TED talks have become a staple in modern education. Student Government thus brought to campus TEDx, a program of local, self-organized events created by TED. TEDxUND 2014: “Creating Knowledge Together” offered brilliant students and faculty a platform through which o present their passions and inspire our scholastic community.

TEDxUND began two years ago when Student Government’s Department of Academic Affairs initiated the conversation about how to bring a large scale academic forum to the Notre Dame community. Max Brown, student director of the Department of Academic Affairs, commented on the worth of organizing a TEDx event on campus.

We wanted to stimulate discussions related to current innovation and ideas, especially with respect to the remarkable work that our community’s students, faculty, alumni, staff and friends engage in,” said Brown.

This past October, Academic Affairs invited students and faculty of the Notre Dame community to speak at TEDxUND 2014. Freshman Jake Makowski, a student speaker at the event, eagerly applied with the hope of satisfying his dream of delivering a TED talk.

I had always wanted to do a TED talk. Ever since I saw my first one [during] freshman year of high school, I thought that TED was a fantastic representation of the human desire to communicate, and I do love to talk.,” Makowski explained. “After sharing this with my friends at the beginning of my first year, one told me that TEDx was coming to ND and sent me the email application. I applied, got called back for an interview, and then made it. Nothing else much to it.”

The event featured a morning and an afternoon session in the DeBartolo Performing Arts Center. Live speakers presented in one auditorium, while another housed live streaming of the talks to allow for more viewers. Professor Candida R. Moss and Dean Hugh R. Page, Jr. served as emcees. Makowski described the elocution of his talk, A Means of Communication, as a great experience.

It was exhilarating to deliver the talk to my peers and faculty members. Doing what I love for the entertainment and education for others….[W]ell, if I could do that as my job, I would never work a day in my life,” he said.

The talks addressed a wide variety of interests, spanning the sciences, the humanities, the arts and other contemporary topics. Student attendee Elicia Dennis, a freshman studying engineering, offered her personal insights on the effect of the diverse assortment of themes.

It was enlightening. Even the talks I wasn’t really that interested in hearing were fascinating. They speak to people of a variety of interests,” she said.

During both sessions, a break in the talks allowed for dialoguing and networking with the presenters. Dennis related how this opportunity created a dynamic that contributed to the event’s theme: “It definitely lends to the concept of ‘creating knowledge together.’ It’s not that someone is just telling you something and leaving it at that. It allows you to ask questions and exchange ideas which allows for even more growth.”

Not only did TEDxUND 2014 inspire student and faculty in attendance, but it also provided the presenters with a unique setting in which to develop their own talents and engage in a high energy, high quality academic forum. Faculty speaker Marie Bourgeois, graphic designer for University Communications and assistant professor in the department of Art, Art History and Design, gave a talk titled Finding Your Visual Voice: How to Become an Empowered Consumer, which addressed the importance and universal accessibility of visual thinking.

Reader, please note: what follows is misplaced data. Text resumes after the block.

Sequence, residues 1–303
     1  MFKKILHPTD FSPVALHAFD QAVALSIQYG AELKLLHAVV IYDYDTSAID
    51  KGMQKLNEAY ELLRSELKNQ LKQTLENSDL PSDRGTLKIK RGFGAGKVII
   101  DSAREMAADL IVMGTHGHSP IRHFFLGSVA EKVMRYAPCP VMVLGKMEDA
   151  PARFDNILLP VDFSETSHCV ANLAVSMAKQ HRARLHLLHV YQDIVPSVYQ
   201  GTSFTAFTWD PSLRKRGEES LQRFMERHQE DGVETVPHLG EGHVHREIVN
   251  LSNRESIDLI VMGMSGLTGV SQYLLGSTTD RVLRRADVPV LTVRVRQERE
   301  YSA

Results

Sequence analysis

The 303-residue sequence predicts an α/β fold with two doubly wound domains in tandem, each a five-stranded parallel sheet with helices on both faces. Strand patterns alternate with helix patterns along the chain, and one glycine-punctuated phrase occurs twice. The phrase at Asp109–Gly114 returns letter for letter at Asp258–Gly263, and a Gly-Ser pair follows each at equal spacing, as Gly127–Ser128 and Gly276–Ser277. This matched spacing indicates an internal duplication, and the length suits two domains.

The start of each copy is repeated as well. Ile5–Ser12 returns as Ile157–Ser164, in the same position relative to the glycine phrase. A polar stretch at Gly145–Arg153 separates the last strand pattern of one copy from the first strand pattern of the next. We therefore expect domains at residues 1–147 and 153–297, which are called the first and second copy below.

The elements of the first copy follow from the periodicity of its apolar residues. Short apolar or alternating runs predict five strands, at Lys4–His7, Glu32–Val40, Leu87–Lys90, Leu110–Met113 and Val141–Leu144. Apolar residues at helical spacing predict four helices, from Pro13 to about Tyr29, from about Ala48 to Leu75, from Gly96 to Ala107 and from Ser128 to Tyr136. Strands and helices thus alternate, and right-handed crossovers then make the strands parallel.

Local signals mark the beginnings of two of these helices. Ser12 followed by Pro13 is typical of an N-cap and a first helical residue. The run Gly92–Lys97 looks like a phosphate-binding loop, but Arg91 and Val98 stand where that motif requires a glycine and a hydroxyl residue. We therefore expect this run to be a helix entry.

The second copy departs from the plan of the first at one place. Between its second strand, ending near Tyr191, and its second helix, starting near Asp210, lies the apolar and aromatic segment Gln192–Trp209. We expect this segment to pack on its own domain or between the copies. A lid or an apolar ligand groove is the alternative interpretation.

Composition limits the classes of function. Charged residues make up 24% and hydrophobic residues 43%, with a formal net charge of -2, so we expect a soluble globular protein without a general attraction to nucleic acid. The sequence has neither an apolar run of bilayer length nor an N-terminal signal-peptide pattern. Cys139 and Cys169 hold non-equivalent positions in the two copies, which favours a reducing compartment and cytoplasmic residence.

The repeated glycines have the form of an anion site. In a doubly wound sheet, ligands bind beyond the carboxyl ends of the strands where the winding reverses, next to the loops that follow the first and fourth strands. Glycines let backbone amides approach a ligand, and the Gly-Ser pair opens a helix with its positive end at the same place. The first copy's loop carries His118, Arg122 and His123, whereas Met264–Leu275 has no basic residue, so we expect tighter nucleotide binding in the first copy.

I gained so much from interacting and listening to the other speakers,” Bourgeois commented. “It was certainly a new experience to engage in this manner of public speaking, and it was an enriching experience to write and practice my talk, but the greatest value I took from the event came from the fantastic people I met and the inspiring conversations I had.”

TEDxUND 2014 made a significant impact upon both the faculty and student populations. Faculty speaker Tim Weninger, assistant professor of both Computer Science and Engineering, shared how his participation in the event granted both perspective and appreciation.

From the faculty perspective it allowed us to step back and look at our research from a broader perspective,” he said. “Many times we focus on tiny pieces of a very specific problem, and we never take the time to step back and look at why it all matters. TEDx forced us to drop the lingo, dispense with the acronyms and actually talk about why our life’s work really matters.”

Perhaps most importantly, TEDxUND revealed the insight and the ability of every member of the Notre Dame community. Faculty or student, experienced sage or aspiring intellectual, members of the community experience the wonder and awe of knowledge.

TEDxUND not only gave a voice to some of the brilliant minds and creative geniuses of Notre Dame, but also sent the message that really anyone can be amazing,” remarked Makowski. “I’m just a freshman fresh off the boat from Seattle. If I can do it, anyone and his mother can.”

Catriona Shaughnessy is a freshman living in Farley Hall. She plans to study psychology, and she enjoys dancing across North Quad and savoring her go-to dining hall treat of froyo mixed with her cereal of choice. She can be contacted at cshaugh2@nd.edu.